<span class="mw-page-title-main">Peter principle</span> Management concept by Laurence J. Peter

The Peter principle is a concept in management developed by Laurence J. Peter, which observes that people in a hierarchy tend to rise to "a level of respective incompetence": employees are promoted based on their success in previous jobs until they reach a level at which they are no longer competent, as skills in one job do not necessarily translate to another.

In economics, the means of production is a term which describes land, labor, and capital that can be used to produce products ; however, the term can also refer to anything that is used to produce products. It can also be used as an abbreviation of the "means of production and distribution" which additionally includes the logistical distribution and delivery of products, generally through distributors; or as an abbreviation of the "means of production, distribution, and exchange" which further includes the exchange of distributed products, generally to consumers.

From a legal point of view, a contract is an institutional arrangement for the way in which resources flow, which defines the various relationships between the parties to a transaction or limits the rights and obligations of the parties.

<span class="mw-page-title-main">Incentive</span> Something that motivates individuals to perform

In general, incentives are anything that persuade a person to alter their behaviour in the desired manner. It is emphasised that incentives matter by the basic law of economists and the laws of behaviour, which state that higher incentives amount to greater levels of effort and therefore higher levels of performance.

Productivity is the efficiency of production of goods or services expressed by some measure. Measurements of productivity are often expressed as a ratio of an aggregate output to a single input or an aggregate input used in a production process, i.e. output per unit of input, typically over a specific period of time. The most common example is the (aggregate) labour productivity measure, one example of which is GDP per worker. There are many different definitions of productivity and the choice among them depends on the purpose of the productivity measurement and data availability. The key source of difference between various productivity measures is also usually related to how the outputs and the inputs are aggregated to obtain such a ratio-type measure of productivity.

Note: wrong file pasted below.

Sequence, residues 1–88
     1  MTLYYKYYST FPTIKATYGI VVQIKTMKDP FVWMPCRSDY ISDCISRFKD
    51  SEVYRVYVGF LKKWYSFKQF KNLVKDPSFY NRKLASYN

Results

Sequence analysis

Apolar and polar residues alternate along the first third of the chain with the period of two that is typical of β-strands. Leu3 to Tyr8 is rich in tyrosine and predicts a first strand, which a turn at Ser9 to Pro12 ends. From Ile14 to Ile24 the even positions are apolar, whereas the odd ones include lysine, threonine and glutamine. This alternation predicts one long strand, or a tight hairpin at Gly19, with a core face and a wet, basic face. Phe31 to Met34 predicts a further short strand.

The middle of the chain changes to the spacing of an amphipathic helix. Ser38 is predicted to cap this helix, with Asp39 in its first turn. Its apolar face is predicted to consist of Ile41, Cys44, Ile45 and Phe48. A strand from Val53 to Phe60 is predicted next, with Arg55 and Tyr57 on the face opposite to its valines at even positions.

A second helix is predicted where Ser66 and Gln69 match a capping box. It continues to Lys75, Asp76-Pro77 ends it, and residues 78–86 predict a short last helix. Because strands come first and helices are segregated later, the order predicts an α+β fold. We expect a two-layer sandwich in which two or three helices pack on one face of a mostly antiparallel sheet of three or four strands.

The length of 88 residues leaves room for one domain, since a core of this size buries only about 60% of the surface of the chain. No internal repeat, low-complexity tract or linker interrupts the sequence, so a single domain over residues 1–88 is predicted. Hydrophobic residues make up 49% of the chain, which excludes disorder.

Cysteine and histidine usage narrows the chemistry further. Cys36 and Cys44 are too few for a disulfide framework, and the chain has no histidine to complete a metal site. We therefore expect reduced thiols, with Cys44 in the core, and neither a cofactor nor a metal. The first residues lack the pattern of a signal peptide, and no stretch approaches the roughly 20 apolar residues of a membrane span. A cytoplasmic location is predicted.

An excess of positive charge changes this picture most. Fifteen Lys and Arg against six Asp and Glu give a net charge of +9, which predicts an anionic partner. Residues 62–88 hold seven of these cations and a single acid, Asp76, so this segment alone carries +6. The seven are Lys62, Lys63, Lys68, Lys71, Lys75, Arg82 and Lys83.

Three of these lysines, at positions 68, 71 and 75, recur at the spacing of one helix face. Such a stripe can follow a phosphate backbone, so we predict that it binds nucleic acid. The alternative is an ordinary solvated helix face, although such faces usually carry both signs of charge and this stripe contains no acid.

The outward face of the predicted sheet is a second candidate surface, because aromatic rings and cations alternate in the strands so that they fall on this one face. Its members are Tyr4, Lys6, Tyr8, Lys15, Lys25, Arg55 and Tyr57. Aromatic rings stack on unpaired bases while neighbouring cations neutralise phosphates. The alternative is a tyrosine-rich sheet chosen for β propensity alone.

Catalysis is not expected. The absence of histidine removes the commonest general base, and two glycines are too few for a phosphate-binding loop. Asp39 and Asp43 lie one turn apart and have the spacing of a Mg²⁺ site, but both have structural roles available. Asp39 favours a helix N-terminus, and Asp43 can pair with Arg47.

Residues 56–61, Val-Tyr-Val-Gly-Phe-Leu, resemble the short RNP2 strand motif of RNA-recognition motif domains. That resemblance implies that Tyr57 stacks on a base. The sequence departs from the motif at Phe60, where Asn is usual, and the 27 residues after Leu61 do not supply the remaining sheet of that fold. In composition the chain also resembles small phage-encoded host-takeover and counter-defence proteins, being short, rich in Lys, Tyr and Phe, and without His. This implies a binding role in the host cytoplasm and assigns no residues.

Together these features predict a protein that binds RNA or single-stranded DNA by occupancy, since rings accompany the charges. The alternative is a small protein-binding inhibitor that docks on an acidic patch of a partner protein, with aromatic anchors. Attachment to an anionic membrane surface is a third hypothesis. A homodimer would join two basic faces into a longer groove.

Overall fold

Managerial economics is a branch of economics involving the application of economic methods in the organizational decision-making process. Economics is the study of the production, distribution, and consumption of goods and services. Managerial economics involves the use of economic theories and principles to make decisions regarding the allocation of scarce resources. It guides managers in making decisions relating to the company's customers, competitors, suppliers, and internal operations.

<span class="mw-page-title-main">Principal–agent problem</span> Conflict of interest when one agent makes decisions on anothers behalf

The principal–agent problem refers to the conflict in interests and priorities that arises when one person or entity takes actions on behalf of another person or entity. The problem worsens when there is a greater discrepancy of interests and information between the principal and agent, as well as when the principal lacks the means to punish the agent. The deviation from the principal's interest by the agent is called "agency costs".

The term efficiency wages was introduced by Alfred Marshall to denote the wage per efficiency unit of labor. Marshallian efficiency wages would make employers pay different wages to workers who are of different efficiencies such that the employer would be indifferent between more-efficient workers and less-efficient workers. The modern use of the term is quite different and refers to the idea that higher wages may increase the efficiency of the workers by various channels, making it worthwhile for the employers to offer wages that exceed a market-clearing level. Optimal efficiency wage is achieved when the marginal cost of an increase in wages is equal to the marginal benefit of improved productivity to an employer.

Shareholder value is a business term, sometimes phrased as shareholder value maximization. It became prominent during the 1980s and 1990s along with the management principle value-based management or "managing for value".